Sunday School Lessons

Why Do We Have Warnings?

After receiving his role as a watchman, Ezekiel is given a message from God (to deliver to Israelite people) in Ezekiel 33.  Despite some severe warnings, though, there is hope for escape once the watchman has sounded a warning.

And if I say to a wicked person, ‘You will surely die,’ but they then turn away from their sin and do what is just and right— if they give back what they took in pledge for a loan, return what they have stolen, follow the decrees that give life, and do no evil—that person will surely live; they will not die. None of the sins that person has committed will be remembered against them. They have done what is just and right; they will surely live.
Ezekiel 33:14‭-‬16 NIV

In an ancient Israelite city, if a citizen heard the warning from a watchman’s shofar (a certain call sounded on a ram’s horn) about an approaching army, and they got out of the city fast enough, they could escape the destruction that awaits those who ignored that same warning.  In the same way, for Israelites being addressed in Ezekiel 33 who are suffering under the weight of their wickedness, if they will turn things around – if they will repent and turn back from their sin – they can live.  In fact, verse 16 says that a person like this who chooses righteousness “…will surely live.”

A good warning is not an acknowledgement of defeat.  Matthew Henry wrote, “Note, It is very common for those that have been hardened with presumption when they were warned against sin to sink into despair when they are called to repent, and to conclude there is no hope of life for them.”.  Or, in my 21st-century English paraphrase, “When people are warned about impending judgment, they sometimes give up hope, rather than taking action based on that warning to avoid the negative consequences of their past choices.”

In reality, though, this warning (in Ezekiel) is an opportunity to escape and be saved.  It is available for those who don’t just hear the warning, but also heed the warning and do something about it.  Just like He did in centuries past, God continues to give us warnings while there is still time to fix things and avoid the consequences.

As a result, explanations about God to people who don’t know Jesus can’t only be about sin’s eternal consequences.  Those are real, and they are part of the message, but without salvation through Jesus Christ, that abbreviated message becomes truth without hope.  When we understand (for ourselves) and communicate to others the depth of God’s grace, we find that He has taken extraordinary steps to give us a path back to Himself, to have our sins forgiven and to return to the righteousness that we were made for.

To quote Matthew Henry again, “When God says to the wicked man, Thou shalt surely die, die eternally, it is to frighten him, not out of his wits, but out of his sins.” [italics in original]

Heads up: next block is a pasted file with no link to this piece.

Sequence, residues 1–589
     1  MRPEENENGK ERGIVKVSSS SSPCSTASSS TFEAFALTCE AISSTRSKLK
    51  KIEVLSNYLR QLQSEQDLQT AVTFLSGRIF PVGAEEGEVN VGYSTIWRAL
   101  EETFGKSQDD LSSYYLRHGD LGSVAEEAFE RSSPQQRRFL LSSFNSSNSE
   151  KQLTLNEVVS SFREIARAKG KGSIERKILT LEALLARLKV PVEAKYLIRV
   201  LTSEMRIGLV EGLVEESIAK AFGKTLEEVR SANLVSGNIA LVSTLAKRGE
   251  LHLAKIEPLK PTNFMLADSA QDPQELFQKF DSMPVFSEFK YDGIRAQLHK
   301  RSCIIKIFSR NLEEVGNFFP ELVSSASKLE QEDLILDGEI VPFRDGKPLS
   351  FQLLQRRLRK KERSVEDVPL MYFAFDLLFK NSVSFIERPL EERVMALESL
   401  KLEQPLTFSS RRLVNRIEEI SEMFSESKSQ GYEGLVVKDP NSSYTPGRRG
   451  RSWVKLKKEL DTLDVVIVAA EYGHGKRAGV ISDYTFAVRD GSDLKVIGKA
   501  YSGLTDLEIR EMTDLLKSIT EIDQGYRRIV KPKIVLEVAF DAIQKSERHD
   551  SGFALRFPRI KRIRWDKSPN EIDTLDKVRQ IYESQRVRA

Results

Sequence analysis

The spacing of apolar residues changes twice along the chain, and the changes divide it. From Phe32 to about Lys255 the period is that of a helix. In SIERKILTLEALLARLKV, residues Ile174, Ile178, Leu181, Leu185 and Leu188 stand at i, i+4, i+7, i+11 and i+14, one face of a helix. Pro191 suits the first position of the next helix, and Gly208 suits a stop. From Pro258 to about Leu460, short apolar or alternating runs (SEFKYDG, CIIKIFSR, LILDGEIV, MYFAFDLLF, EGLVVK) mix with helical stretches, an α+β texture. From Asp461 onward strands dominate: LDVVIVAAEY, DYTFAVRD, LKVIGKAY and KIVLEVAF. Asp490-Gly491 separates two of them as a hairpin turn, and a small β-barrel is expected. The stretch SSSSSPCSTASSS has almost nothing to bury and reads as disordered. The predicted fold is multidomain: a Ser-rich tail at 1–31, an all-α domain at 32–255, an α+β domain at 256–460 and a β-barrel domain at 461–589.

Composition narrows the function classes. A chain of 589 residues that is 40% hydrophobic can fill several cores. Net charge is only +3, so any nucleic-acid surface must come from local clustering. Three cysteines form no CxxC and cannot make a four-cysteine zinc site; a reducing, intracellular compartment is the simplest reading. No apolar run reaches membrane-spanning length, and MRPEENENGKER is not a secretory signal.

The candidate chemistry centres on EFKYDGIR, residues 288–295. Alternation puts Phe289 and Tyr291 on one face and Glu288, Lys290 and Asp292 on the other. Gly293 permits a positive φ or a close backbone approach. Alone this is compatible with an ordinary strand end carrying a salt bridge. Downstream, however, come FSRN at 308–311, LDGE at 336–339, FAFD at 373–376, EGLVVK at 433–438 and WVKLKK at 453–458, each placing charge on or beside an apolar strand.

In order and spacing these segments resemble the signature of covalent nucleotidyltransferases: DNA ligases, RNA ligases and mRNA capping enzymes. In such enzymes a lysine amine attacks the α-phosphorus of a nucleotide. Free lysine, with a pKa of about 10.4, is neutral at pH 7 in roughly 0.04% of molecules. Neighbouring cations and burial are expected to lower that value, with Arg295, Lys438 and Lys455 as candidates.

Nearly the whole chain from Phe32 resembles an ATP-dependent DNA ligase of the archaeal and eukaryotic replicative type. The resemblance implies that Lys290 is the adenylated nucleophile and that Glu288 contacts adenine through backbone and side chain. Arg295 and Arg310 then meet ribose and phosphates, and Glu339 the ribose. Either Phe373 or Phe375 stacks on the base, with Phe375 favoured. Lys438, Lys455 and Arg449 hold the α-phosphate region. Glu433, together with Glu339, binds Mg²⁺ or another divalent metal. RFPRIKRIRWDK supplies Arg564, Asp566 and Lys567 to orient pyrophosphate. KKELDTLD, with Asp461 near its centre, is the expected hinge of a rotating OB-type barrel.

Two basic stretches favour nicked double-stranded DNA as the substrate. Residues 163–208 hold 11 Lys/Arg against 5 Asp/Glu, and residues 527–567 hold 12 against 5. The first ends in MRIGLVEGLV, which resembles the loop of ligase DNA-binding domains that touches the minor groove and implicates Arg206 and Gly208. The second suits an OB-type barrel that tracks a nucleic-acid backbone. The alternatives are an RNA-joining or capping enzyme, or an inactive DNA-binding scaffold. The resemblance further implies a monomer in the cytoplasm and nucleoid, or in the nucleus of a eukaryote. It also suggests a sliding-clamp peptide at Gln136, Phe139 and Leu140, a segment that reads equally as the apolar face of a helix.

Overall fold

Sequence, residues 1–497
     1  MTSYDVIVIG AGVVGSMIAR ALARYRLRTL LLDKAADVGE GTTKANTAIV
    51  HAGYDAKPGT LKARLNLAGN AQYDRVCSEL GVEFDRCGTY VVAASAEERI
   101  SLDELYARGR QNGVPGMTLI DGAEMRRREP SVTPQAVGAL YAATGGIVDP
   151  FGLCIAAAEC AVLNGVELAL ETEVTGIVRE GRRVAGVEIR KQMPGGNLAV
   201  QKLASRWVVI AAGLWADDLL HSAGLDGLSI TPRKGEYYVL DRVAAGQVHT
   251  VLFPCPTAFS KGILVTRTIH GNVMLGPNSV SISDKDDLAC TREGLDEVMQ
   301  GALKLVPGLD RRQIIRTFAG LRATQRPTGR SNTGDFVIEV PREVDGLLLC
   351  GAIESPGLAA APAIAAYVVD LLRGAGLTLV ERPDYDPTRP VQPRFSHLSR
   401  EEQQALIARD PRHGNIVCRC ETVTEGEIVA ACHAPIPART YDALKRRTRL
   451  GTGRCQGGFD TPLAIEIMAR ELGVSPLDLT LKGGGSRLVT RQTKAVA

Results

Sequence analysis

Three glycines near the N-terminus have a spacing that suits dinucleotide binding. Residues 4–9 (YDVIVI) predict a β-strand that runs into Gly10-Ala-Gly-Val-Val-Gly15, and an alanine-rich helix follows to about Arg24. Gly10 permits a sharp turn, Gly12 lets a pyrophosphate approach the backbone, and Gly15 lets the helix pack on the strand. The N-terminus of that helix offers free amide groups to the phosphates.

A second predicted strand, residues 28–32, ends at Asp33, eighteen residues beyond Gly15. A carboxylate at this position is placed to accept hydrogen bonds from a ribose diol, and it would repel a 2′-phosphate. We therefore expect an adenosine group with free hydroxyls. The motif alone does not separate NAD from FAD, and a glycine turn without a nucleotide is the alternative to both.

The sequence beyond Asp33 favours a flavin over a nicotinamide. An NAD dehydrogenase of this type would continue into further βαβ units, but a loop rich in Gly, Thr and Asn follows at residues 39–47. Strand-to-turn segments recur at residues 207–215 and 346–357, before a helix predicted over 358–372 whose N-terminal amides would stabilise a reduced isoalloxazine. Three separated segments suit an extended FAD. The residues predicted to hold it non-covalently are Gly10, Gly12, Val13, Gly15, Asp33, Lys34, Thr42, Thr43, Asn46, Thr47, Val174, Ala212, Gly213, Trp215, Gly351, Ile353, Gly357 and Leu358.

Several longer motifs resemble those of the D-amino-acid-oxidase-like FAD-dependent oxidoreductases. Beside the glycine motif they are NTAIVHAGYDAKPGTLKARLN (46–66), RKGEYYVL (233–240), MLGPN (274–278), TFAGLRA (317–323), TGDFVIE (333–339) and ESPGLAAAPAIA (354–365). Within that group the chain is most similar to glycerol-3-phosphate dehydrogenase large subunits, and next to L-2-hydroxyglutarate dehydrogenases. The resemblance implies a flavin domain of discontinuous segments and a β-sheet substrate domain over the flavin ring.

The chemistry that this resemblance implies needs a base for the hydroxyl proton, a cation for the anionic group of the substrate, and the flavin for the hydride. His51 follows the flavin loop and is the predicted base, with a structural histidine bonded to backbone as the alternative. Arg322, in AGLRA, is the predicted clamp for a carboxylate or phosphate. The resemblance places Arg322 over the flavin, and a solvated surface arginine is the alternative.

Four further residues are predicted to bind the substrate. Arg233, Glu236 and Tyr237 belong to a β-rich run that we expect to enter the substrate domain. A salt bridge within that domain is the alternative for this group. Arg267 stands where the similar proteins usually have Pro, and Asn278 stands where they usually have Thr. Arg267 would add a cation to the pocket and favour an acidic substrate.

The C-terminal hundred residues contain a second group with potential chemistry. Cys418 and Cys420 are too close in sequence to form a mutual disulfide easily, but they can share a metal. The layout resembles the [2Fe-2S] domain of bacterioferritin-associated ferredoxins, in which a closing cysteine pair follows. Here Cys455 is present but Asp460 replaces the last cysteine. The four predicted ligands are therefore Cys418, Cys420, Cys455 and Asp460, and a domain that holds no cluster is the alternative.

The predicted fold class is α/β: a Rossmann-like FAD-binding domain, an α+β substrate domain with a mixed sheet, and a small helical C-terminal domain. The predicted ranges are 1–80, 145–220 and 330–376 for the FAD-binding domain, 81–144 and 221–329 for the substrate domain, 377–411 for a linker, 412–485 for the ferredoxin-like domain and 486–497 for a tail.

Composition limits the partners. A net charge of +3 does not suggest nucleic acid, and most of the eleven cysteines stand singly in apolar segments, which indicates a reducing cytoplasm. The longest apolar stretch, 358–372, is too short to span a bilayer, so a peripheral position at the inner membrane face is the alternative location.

There is also a warning in this chapter (Ezekiel 33:12-13) for those who think that they are “good to go” – maybe thinking that they’ve demonstrated enough righteousness for one lifetime, and that they can not only coast to the finish line, but also make up for lost time (so to speak) by sinning a whole lot.

We can appreciate that the Holy Spirit seals our salvation, so a mistake or sin for the Christian shouldn’t cause us to worry.  However, even followers of Jesus, saved by grace, are expected to continue on a path that pleases God and stays close to Him, not just “get saved and do what we want”.

Just like the warning for those who are trapped in wickedness, though, this message to the righteous who might choose to walk away from God is not given as a message of despair or permanent condemnation, but as an opportunity or reminder to remain on the right path.

So, if you are feeling convicted with a warning from God, please do not give up.  His warnings, combined with His gracious outreach to us, give us opportunities to change bad outcomes before they arrive.  And, if you are sharing the truth about God with someone, don’t stop at the warning about the consequences of sin (and don’t let the other person stop there, either).  Be sure to share the good news that comes with that warning, too!

From Sunday School lesson prepared for September 4, 2022


  • The Lookout, September 4, 2022, © 2022 Christian Standard Media.
  • Scripture taken from the Holy Bible, NEW INTERNATIONAL VERSION®, NIV® Copyright © 1973, 1978, 1984, 2011 by Biblica, Inc.® Used by permission. All rights reserved worldwide.
  • Scripture quotations taken from the NASB. Copyright by The Lockman Foundation.
  • Matthew Henry Commentary on the Whole Bible (Complete). Matthew Henry. 1706, via
  • Asbury Bible Commentary. Copyright © 1992 by The Zondervan Corporation, via
  • Bible Panorama: Enjoying the Whole Bible with a Chapter-by-Chapter Guide, Third Edition, Gerard Chrispin, © 2015, via
  • Theology of Work Bible Commentary, via

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